Indeed, boys can make some very bad choices. And Sue will grant that Dylan sometimes behaved selfishly—forgetting Mother’s Day, being cranky and neglecting to feed the cat. But she should probably say something about guns . . . “Dylan did not do what he did because he was able to purchase guns, but there is tremendous danger in having these highly lethal tools readily available when someone is at their most vulnerable. These risks are demonstrated, and we must insert them into the equation when we are talking about how we can make our communities healthier and safer.”

I can imagine Laura Tucker quietly suggesting ways to wrap this thing up. OK, Sue says. “If speaking with or meeting me would be helpful to any of the family members of Dylan and Eric’s victims, I will always be available to them.”

Seventeen years after Columbine, she can still generate a stifled sob and sniffle, as evidenced on the recent Diane Sawyer interview on 20/20. She suffers from anxiety and has to be vigilant in monitoring her stress. In A Mother’s Reckoning, she even tells us how she does it. Meditation, yoga, deep-breathing exercises, seeing a therapist, and taking antidepressants. She once was angry with God (“How could you do this?”), but she doesn’t feel that way much anymore. About your kids, you just never know. It’s all such a mystery! There are no easy or right answers. Or even questions.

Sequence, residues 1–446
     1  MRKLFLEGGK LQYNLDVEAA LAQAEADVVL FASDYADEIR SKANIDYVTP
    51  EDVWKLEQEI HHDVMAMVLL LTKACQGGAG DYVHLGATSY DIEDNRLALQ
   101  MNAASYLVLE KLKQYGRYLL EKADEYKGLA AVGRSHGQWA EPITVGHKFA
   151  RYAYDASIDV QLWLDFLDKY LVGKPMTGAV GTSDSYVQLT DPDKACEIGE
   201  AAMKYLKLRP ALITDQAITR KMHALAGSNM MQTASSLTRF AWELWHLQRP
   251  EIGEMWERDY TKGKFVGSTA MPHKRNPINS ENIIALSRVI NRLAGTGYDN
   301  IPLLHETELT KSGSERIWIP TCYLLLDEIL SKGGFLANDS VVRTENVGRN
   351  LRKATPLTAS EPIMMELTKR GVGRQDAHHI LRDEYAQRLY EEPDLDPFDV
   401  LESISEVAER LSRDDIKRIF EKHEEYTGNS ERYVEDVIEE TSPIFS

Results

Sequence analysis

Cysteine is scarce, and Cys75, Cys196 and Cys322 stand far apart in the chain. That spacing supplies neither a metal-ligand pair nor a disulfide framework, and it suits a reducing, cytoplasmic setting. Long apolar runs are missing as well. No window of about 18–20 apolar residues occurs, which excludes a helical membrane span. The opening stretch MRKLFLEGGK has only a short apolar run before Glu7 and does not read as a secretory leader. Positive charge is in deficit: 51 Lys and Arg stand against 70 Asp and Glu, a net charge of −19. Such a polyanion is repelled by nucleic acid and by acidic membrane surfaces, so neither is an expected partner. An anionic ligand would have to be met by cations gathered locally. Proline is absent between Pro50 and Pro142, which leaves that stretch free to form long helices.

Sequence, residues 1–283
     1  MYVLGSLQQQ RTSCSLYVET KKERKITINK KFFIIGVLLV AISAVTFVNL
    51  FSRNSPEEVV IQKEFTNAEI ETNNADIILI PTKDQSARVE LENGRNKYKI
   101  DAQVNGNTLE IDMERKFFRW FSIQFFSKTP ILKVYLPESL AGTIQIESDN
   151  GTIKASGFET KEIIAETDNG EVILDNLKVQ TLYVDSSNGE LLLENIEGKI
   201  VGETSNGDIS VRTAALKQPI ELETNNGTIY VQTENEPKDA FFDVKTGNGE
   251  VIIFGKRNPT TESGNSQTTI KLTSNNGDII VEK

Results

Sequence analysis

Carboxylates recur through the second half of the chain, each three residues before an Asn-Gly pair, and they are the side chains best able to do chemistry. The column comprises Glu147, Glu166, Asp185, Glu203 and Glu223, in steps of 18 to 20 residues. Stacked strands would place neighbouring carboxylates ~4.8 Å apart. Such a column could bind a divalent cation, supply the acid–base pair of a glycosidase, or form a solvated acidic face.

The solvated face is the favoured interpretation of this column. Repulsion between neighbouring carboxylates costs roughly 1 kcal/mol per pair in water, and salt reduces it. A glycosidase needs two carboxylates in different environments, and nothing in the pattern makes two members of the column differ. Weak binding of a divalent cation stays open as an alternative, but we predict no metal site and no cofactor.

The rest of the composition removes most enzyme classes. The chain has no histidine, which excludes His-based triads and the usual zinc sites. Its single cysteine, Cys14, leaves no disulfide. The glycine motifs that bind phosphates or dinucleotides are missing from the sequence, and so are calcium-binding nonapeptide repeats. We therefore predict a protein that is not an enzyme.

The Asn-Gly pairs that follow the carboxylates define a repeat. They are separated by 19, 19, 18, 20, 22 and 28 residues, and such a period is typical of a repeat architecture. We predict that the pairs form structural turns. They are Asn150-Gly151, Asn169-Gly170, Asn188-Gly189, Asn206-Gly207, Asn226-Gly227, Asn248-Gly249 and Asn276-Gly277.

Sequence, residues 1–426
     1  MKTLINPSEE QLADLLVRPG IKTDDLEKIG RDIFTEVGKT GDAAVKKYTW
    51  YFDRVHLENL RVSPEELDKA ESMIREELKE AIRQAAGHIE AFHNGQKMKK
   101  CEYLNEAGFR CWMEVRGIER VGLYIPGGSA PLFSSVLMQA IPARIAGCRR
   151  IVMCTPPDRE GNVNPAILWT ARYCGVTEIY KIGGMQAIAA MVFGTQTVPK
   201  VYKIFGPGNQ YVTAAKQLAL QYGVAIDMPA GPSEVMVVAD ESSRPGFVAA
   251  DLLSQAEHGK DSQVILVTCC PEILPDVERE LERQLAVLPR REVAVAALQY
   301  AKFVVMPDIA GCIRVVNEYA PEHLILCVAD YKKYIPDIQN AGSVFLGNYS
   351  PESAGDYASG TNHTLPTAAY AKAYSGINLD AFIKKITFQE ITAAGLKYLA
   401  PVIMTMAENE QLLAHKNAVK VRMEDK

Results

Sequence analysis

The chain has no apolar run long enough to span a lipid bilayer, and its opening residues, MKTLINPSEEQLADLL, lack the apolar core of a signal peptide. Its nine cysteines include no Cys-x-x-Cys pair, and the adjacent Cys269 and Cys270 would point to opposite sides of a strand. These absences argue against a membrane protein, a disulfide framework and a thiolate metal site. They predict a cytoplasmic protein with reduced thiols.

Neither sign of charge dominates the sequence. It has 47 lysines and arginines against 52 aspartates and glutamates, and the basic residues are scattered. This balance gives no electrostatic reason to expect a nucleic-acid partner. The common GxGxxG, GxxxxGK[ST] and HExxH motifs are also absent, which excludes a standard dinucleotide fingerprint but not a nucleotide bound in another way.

Sue, we don’t find you responsible for the massacre at Columbine High School. But we don’t want to hear any more about your survival mechanisms, or your work on behalf of “brain health,” or your gastrointestinal issues (“My digestive system has always been my Achilles’ heel”), or the feeling you had on the day Dylan was born that a big dark bird of prey was passing overhead (we find that a bit of a stretch, actually). We don’t want to hear about the big goopy casseroles you shared as a family or his mischievous grin or how you got so mad at him for forgetting Mother’s Day and now wish you hadn’t. We don’t want to hear you describing yourself as a suicide-loss survivor. (That was really getting to us. As was your habit of substituting the words harmed or hurt for murdered or killed.) We don’t want to hear about you visiting the school library after the mayhem and before the remodeling, touching the carpet “that held him when he fell” and, before being “overtaken by tears,” feeling the “presence of children,” feeling “peace.” We don’t blame you or hate you. Really. We just wish you hadn’t written this offensive, self-serving, mendacious mephitic book.

Joy Williams is the author of Ninety-Nine Stories of God (Tin House, 2016).